Ultimate Guide to Sexual Harassment
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What Is Sexual Harassment?
Sexual harassment is a type of employment discrimination consisting of unwanted sexual advances, sexual conduct, or other verbal or physical actions of a sexual nature, usually at the workplace.
What Types of Behavior Are Considered Sexual Harassment?
There are many different types of behavior that may constitute sexual harassment including, but not limited to, the following:
- Deliberate touching or repeated brushing against another’s body, which does not contribute to or advance the work, service or education being conducted;
- Repeated requests for a date, pressure or demands for a date, or for sexual activity with a subordinate by a person in an authoritative position or co-worker;
- Displays through pictures or other of obscenity which do not contribute to the work, service, or education being conducted;
- Any type of communication of a sexual nature that does not contribute to or advance the work being conducted.
What Types of Sexual Harassment Exist?
There are two types of sexual harassment that are legally recognized and which a party is typically protected against. These two types of sexual harassment are:
- Quid pro quo sexual harassment; and,
- Hostile environment sexual harassment.
Quid pro quo sexual harassment occurs when an employee gets a promotion or gets to keep his or her position at a company based on whether the employee accepted sexual advances by another employee, typically a higher ranking employee. If the employee rejects the advances, most situations provide that the employee does not get the promotion or may lose his or her job.
An example of quid pro quo sexual harassment is when a supervisor tells an employee that they will be promoted if they performed a sexual favor. It is important to note that even if the employee submits to the sexual advance, this submission does not mean the employee is barred by making a complaint. The employee is still able to file a sexual harassment claim against the company even if the employee submitted to the advances.
Hostile environment sexual harassment exists where a co-worker or supervisor in the workplace makes sexual advances or comments to an employee that, while not affecting promotions or the future of the employee’s job, makes the workplace environment hostile and offensive. Examples of hostile environment sexual harassment include, but are not limited to:
- Personal questions of a vulgar nature;
- Vulgarities and other offensive language;
- Physical conduct that is sexual or degrading to a reasonable person; and,
- Sexually explicit or offensive photographs or literature that is in plain site of other employees.
Am I Protected Under Sexual Harassment Laws?
Parties protected under sexual harassment laws include the following:
- Female employees harassed by male employers, supervisors, or co-workers;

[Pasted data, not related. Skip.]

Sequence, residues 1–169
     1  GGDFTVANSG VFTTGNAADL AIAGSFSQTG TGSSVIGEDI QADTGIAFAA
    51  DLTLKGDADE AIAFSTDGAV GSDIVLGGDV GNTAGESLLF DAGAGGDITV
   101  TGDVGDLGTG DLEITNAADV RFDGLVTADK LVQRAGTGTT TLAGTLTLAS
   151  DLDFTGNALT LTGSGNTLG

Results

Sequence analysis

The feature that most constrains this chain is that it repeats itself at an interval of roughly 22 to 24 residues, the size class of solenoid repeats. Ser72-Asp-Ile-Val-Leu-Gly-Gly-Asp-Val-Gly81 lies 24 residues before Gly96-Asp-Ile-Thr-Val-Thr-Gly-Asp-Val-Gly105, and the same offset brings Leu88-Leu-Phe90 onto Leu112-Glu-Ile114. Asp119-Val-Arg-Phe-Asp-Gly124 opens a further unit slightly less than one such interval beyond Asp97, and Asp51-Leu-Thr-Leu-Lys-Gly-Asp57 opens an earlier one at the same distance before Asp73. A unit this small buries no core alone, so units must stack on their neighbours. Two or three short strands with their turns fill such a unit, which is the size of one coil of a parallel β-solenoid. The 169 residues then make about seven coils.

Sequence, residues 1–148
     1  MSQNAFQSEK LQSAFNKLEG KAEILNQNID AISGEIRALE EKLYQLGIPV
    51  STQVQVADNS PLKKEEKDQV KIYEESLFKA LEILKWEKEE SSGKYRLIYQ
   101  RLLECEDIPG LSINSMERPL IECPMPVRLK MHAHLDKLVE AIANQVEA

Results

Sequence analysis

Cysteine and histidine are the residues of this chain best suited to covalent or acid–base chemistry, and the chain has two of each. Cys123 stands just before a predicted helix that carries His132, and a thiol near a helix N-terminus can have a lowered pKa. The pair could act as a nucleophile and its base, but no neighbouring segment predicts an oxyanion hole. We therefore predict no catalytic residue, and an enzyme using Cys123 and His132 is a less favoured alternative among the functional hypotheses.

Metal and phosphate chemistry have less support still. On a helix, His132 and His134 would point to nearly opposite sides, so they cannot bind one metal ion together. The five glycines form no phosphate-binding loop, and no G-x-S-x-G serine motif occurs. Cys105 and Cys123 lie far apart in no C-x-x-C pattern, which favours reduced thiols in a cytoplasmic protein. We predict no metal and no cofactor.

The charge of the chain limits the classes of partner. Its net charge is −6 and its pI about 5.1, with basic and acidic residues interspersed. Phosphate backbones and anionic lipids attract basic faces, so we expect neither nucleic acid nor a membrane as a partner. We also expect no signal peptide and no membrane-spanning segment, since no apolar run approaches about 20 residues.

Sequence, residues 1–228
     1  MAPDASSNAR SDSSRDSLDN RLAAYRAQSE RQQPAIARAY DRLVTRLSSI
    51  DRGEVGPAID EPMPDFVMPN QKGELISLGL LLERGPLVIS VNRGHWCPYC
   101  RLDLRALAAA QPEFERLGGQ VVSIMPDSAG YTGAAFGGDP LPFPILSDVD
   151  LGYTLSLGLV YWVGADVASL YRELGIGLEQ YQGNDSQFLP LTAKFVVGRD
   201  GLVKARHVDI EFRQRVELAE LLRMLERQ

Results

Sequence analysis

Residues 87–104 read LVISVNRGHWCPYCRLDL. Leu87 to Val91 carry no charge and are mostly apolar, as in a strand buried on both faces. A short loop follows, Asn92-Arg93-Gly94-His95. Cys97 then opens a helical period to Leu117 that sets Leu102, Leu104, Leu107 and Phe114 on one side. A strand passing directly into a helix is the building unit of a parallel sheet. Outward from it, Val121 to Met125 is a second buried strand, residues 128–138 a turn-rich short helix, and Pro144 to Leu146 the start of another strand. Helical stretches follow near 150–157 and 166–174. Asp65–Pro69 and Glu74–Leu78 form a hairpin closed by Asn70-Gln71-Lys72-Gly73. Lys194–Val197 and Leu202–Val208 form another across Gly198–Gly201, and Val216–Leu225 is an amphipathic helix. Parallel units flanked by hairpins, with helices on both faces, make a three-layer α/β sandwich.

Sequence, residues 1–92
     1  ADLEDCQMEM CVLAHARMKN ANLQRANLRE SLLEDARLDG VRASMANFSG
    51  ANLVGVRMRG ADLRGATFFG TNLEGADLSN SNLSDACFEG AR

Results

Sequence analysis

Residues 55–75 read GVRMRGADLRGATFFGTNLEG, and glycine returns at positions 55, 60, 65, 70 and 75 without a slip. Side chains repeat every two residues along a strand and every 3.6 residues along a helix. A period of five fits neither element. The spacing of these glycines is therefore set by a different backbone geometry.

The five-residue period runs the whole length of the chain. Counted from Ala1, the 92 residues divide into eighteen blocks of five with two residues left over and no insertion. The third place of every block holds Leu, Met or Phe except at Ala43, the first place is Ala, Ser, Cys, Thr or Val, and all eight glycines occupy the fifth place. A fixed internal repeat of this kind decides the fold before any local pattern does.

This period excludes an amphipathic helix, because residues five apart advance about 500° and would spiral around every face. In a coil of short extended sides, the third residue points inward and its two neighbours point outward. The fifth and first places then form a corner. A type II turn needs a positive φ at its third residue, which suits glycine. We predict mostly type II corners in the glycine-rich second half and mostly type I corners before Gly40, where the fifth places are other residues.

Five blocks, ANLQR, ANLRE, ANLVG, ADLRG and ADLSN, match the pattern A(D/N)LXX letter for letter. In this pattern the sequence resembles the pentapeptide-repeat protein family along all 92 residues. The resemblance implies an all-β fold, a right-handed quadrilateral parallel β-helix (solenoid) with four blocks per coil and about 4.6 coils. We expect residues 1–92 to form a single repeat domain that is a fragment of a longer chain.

- Male employees harassed by female employees, supervisors, or co-workers; and,
- Male or female employees harassed by employers, supervisors, or co-workers of the same sex as them. Same sex sexual harassment is frequently the result of the harasser’s belief that the individual does not conform to a sexual stereotype.
Employer Liability for Sexual Harassment
An employer’s liability for sexual harassment depends on a variety of circumstances within the company. Some factors that will be considered are what the harasser’s position is within the company and the kind of sexual harassment has been alleged. If sexual harassment is proved, it is possible that your employer will be liable.
However, an employer has responsibility to hold other co-workers or supervisors liable for their actions, involvement, and behavior associated with sexual harassment. It is unlawful for an employer, once informed of sexual harassment, to fail to take remedial steps.
How to File a Sexual Harassment Claim
There may be varying procedures of filing a sexual harassment claim. However, this is the most common procedure for doing so:
- First, review company policies at your workplace. Your company HR department should have a path in place to permit you to make a complaint.
- If your company does not respond to your claim, you may need to file with a government administration agency such as the Equal Employment Opportunity Commission (EEOC). This agency will investigate your claim and will permit you to take action with your employer to provide for your remedy.
- If filing with a government agency does not resolve the situation, you may have to file a lawsuit in civil court.
Do I Need an Attorney?
If you have been the victim of sexual harassment, it is important to know that investigating and proving sexual harassment can be very difficult. An employment lawyer can help you navigate the difficult road ahead by providing you with important information including statute of limitation deadlines to ensure that your claim if filed in a timely manner. Additionally, EEOC investigators are often overloaded, so an employment attorney can help you investigate your claim while you await the EEOC’s response.
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Last Modified: 01-25-2017 05:02 PM PST
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